The present study investigated the relationship of performance variables and anthropometric measurements on baseball ability in 164 youth baseball players (age: 6.4-15.7 years). To evaluate their baseball performance, ball speeds in pitching and batting were recorded and kinetic energies of the pitched and hit balls were calculated. To record anthropometric and physical fitness characteristics, height and weight were measured and a battery of physical fitness tests covering standing long jump, side steps, sit-ups, 10-m sprint, trunk flexion, back strength, and grip strengths of both hands were conducted. The results of a multiple regression analysis revealed several significant predictors: age, body mass index (BMI), standing long jump, 10-m sprint, and grip strength for pitched ball kinetic energy and age, BMI, standing long jump, and back strength for hit ball kinetic energy. This study provides scientific evidence that relates certain specific physical performance tests and body characteristics with high achievement in the actual performance of pitching and batting. Youth players, their parents, coaches, and trainers would benefit by addressing these characteristics when planning training programs to improve the baseball performance of youth players.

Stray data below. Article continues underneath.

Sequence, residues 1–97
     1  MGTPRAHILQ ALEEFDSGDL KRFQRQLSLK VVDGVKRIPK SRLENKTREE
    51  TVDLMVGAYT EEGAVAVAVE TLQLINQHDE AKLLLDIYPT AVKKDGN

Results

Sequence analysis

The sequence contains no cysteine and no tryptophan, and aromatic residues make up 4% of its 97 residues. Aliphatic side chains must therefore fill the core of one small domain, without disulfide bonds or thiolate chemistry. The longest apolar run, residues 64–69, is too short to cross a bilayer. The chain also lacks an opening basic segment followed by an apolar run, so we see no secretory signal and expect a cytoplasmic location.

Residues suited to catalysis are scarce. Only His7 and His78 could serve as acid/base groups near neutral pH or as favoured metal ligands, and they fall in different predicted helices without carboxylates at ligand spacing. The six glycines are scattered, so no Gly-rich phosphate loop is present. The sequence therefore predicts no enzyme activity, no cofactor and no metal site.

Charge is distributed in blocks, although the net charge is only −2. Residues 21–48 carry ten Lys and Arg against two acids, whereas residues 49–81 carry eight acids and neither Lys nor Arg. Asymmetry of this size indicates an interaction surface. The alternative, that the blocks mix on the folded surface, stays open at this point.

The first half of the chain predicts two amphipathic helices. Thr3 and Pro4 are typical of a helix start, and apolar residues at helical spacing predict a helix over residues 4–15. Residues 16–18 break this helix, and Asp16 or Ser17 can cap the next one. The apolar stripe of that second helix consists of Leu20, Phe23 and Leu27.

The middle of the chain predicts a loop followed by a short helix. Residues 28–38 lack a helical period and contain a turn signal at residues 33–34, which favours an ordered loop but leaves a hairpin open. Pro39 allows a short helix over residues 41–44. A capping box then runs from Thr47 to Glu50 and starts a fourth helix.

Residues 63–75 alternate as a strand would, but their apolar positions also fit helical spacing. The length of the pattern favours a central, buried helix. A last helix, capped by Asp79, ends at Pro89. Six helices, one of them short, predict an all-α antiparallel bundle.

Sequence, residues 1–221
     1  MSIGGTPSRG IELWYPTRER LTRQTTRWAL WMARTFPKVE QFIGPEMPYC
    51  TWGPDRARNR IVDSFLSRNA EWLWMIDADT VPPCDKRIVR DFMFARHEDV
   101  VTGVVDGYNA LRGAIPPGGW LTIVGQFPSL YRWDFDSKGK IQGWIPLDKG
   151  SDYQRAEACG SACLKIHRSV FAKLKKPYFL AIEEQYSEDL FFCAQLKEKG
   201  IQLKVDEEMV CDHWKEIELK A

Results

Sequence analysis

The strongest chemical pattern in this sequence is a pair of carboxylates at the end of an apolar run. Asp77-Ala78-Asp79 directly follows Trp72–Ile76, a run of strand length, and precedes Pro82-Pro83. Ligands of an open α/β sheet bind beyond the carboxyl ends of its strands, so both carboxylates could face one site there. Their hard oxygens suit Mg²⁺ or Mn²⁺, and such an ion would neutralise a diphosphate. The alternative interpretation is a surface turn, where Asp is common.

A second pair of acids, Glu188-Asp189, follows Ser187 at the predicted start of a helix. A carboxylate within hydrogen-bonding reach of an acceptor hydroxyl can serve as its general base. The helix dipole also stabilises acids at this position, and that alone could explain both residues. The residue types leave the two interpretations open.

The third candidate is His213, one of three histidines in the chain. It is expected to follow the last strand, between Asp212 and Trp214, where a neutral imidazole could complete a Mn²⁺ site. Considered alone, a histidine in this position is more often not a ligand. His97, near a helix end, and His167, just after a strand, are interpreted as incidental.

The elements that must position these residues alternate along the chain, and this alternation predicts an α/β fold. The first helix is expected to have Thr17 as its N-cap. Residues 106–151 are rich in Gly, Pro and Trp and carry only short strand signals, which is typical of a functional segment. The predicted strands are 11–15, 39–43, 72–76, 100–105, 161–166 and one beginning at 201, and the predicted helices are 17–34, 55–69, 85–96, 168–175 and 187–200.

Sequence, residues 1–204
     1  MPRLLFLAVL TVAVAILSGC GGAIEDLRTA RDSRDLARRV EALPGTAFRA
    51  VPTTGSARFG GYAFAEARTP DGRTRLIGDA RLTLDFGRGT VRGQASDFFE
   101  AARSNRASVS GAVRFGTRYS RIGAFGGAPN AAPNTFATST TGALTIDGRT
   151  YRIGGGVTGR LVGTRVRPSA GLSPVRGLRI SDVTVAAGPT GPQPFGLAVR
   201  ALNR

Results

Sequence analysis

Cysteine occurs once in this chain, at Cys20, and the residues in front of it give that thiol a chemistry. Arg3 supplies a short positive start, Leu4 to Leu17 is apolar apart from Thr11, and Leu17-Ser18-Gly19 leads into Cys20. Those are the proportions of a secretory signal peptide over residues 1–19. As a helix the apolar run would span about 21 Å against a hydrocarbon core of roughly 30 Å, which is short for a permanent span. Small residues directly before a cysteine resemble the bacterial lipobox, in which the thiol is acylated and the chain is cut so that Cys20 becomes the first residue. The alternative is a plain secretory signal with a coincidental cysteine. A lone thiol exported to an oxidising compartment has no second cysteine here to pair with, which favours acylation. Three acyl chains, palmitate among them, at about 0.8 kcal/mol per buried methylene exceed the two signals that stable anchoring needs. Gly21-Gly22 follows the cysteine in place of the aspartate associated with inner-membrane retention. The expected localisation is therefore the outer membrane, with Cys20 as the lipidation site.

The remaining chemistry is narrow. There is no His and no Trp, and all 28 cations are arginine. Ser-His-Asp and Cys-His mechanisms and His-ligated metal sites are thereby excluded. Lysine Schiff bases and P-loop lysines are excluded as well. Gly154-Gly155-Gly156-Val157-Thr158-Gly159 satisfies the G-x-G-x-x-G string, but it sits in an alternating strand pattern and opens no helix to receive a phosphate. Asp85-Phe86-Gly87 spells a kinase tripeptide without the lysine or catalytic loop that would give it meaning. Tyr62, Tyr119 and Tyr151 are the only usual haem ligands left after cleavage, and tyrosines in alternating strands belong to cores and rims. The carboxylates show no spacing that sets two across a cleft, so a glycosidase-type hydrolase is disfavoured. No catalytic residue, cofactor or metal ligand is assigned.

ASJC Scopus subject areas
- Orthopedics and Sports Medicine
- Physical Therapy, Sports Therapy and Rehabilitation